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On Tuesday, voters in the provincial riding of Mount Pleasant will head to the polls to elect their next MLA. Their last one, the NDP’s Jenny Kwan, vacated the seat when she resigned last July to run for the federal seat in Vancouver East—one that she would go on to win on October 19. More than 2,000 voters have already cast their ballots at advance polls held last week, but with three strong candidates in the race it’s still a wide open contest. And for those who still haven’t made up their mind who they’re going to support, we asked each of them a few questions that might help you with your decision.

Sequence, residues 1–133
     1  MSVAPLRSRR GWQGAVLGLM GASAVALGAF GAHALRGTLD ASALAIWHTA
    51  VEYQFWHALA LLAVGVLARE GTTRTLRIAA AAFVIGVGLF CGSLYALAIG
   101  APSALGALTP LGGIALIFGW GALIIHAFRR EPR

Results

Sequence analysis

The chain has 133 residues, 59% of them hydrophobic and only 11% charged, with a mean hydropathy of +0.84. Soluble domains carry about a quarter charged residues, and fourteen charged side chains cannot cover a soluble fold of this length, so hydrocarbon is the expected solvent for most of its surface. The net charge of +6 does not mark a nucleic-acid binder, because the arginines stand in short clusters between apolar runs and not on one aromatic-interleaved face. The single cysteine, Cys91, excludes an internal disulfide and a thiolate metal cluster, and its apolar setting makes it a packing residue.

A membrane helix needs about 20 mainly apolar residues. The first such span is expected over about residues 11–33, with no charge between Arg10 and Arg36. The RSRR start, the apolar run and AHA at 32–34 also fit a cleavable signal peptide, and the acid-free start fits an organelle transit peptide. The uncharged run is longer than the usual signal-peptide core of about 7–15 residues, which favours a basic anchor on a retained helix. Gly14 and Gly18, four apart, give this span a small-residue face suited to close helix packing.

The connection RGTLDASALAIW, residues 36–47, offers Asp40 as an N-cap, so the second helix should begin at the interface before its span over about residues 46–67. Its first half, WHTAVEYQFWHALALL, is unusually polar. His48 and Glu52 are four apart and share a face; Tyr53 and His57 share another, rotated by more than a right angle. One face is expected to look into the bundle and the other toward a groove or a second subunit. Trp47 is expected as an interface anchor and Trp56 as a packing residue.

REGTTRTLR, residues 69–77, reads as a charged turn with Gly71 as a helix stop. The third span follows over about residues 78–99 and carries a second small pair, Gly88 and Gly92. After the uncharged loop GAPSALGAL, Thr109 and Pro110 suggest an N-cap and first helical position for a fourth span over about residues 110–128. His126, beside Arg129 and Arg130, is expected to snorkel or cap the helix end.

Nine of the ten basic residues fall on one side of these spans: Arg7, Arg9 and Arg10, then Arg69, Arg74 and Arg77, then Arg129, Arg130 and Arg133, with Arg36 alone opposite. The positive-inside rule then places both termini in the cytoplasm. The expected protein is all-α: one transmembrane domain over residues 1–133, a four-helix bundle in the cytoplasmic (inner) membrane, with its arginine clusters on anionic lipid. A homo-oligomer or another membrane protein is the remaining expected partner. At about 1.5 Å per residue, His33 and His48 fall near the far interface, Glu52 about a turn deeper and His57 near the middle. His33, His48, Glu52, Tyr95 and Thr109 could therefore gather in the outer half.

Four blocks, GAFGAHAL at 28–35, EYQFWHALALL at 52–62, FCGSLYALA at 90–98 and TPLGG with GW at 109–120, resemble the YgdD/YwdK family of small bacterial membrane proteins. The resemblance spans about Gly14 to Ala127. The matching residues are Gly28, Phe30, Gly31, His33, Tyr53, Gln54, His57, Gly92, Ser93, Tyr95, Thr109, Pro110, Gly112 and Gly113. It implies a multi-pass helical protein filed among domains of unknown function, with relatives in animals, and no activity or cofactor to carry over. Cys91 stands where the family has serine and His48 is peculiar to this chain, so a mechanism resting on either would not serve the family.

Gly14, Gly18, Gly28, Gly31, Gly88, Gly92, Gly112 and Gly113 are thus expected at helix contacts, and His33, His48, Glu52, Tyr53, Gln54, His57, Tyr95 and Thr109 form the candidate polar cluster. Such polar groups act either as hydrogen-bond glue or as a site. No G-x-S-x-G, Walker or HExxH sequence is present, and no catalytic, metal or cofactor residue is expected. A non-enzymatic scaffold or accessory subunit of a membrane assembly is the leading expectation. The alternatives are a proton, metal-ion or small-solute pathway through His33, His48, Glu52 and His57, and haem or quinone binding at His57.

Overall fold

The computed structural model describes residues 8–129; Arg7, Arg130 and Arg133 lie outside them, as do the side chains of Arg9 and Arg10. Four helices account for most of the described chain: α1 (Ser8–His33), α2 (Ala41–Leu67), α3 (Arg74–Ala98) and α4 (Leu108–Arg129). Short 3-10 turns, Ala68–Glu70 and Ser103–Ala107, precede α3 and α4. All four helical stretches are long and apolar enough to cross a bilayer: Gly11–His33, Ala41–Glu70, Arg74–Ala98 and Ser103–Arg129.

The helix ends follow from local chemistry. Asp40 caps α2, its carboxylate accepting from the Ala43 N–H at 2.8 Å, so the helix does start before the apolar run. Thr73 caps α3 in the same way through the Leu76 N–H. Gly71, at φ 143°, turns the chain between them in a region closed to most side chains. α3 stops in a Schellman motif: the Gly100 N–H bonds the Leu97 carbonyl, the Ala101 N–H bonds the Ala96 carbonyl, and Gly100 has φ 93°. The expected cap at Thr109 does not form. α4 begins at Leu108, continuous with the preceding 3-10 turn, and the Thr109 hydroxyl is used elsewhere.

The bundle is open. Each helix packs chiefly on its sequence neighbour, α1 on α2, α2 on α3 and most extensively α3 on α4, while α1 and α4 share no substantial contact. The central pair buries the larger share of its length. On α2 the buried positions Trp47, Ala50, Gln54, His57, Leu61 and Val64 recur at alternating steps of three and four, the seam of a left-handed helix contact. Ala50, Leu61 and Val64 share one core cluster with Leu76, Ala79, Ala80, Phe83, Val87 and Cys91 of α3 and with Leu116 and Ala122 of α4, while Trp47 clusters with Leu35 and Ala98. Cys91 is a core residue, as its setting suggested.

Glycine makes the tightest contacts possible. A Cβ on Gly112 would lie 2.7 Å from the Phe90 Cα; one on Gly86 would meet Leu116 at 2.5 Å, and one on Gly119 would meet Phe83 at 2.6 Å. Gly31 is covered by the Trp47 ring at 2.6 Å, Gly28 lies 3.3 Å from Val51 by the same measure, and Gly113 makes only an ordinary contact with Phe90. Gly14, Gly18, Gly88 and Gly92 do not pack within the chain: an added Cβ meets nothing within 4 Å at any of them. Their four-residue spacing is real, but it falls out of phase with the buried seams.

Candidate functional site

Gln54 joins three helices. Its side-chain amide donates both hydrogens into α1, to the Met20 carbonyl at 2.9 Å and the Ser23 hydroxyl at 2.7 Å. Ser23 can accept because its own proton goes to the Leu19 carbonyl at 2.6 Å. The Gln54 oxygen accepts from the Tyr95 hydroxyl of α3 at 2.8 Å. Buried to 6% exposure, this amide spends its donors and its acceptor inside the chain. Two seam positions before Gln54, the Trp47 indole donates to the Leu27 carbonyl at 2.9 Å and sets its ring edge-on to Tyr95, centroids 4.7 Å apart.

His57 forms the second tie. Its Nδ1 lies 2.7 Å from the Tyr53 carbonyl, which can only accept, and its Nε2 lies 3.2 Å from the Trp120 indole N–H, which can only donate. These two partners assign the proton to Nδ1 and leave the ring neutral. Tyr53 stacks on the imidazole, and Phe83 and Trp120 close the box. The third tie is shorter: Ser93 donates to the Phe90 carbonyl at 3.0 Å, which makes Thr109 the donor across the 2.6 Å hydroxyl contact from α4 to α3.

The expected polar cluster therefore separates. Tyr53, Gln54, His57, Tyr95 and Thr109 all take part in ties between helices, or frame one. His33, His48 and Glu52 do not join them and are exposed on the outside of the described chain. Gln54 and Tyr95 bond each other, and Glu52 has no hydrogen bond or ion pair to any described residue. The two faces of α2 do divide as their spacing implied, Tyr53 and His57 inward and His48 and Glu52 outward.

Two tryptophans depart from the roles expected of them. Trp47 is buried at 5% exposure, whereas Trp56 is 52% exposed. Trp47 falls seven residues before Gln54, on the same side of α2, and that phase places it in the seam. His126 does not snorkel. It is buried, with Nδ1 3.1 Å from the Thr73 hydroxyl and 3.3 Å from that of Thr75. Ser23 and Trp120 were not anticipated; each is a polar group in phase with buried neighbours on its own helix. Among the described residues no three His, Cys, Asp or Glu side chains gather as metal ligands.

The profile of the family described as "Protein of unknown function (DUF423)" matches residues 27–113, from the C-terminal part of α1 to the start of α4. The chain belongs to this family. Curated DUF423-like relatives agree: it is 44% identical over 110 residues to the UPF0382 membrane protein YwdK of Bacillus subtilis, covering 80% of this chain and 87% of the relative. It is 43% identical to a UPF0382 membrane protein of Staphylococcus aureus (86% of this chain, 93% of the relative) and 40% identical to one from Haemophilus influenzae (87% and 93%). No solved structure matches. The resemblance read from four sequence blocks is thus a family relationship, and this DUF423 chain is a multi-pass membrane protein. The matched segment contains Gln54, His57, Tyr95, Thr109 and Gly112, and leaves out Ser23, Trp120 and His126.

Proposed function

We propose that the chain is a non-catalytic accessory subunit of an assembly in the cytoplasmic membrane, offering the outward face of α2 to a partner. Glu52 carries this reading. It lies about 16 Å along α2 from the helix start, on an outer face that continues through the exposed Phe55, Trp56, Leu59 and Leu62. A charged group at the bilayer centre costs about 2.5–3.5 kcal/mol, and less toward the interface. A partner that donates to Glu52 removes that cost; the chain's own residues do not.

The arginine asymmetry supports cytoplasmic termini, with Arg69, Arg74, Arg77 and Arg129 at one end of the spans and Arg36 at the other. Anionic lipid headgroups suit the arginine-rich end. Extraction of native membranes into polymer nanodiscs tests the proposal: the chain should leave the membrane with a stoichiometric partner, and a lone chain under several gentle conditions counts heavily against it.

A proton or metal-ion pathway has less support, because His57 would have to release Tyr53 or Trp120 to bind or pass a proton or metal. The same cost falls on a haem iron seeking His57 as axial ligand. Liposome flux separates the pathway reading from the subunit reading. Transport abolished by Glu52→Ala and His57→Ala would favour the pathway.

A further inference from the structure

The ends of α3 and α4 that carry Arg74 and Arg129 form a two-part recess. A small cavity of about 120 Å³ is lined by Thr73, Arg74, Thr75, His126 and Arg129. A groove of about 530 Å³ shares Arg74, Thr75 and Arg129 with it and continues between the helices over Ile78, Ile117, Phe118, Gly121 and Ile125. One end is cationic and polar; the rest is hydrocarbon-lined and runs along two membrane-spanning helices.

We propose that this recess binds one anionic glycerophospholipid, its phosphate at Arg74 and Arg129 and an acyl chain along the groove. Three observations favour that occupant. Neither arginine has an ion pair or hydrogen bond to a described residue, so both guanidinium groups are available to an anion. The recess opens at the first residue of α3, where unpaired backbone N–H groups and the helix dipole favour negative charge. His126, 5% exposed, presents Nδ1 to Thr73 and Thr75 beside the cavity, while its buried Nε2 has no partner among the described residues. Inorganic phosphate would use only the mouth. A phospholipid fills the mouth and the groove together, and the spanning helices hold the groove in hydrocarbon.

What can we do about the impact of rising rental rates in a neighbourhood whose incomes are increasingly unable to support them? We need to be ensuring that we are not relying entirely on the market to supply affordable rental housing. I have long advocated that we need to extract more value from the property transfer tax system and the commodification of our local real estate and start investing that. Right now, $1.4 billion in property taxes from last year alone is going into general revenue, but I would like to see it going into housing. I’d like to see property transfer taxes tweaked to address speculators, foreign corporate investors, luxury properties and enhance that revenue by putting it into building new housing and subsidize the building of new public housing and rental housing.I would also like to see us start looking towards the model that we see in Ontario, Quebec and Manitoba with the renters tax credit. In those provinces, and increasingly in the U.S., renters who are paying high rents can actually declare their rents on their income tax and receive some kind of credit or rebate at tax time. What we see in Vancouver Mount-Pleasant where we have three-quarters of the riding in rent is that an extremely high proportion of them are paying more than 50 percent of their income when the benchmark is supposed to be 30 percent. Obviously there is a disconnect, and we need to insure that housing affordability is made available to the people that live and work here because it is vital to our quality of life and local economy. Vancouverites need to actually be able to afford to live where they work.Marijuana Dispensaries abound in the riding. What can be done to integrate them more successfully into the community? I’m not sure what you mean by “integrate them more successfully into the community.” I mean, they are what they are, and in the end it’s a business model. I don’t think we can look at how we necessarily integrate businesses like pharmacies or any kind of special dispensaries; they are just a very specialized market. I think that we should enhance and protect bubble zones around vulnerable populations, so I don’t think we should have dispensaries too close to schools or community centers. Of course they should be operating within the scope of the law, and I know that there have been some really top-drawer operations and some that are a little bit shady and we need to regulate, tax and monitor these with the utmost discretion. It is a controlled substance and there is the risk of criminality or whatever might come with it, so I think we need to be on top of that. Otherwise, I would not want to see them more integrated into normal society. I think it is probably fine the way it is, as far as integration goes.What is the one policy change you would push for as the MLA for the riding?Aggressive movement on housing affordability. That is 100 percent the biggest issue for me. We have a lot of pressure coming on to this riding in particular, a lot of big projects happening, and these things combined bring about a lot of change that risks a lot of displacement. We have the viaducts removal, we have the new St. Paul’s Hospital, we have the Broadway Subway, and all three of those projects are massive game changers for this riding that are going to bring a lot of development and money. We really need to be on top of this housing affordability issue as we embrace these new changes, because if we don’t we are going to displace a lot of people. We will only see our homeless numbers go up, we will see more stress and family dysfunction, and it will compromise the health and well being of Vancouverites. It’s important that we have communities where everybody can live and thrive and socioeconomic diversity is a big part of that, which housing is at the root of.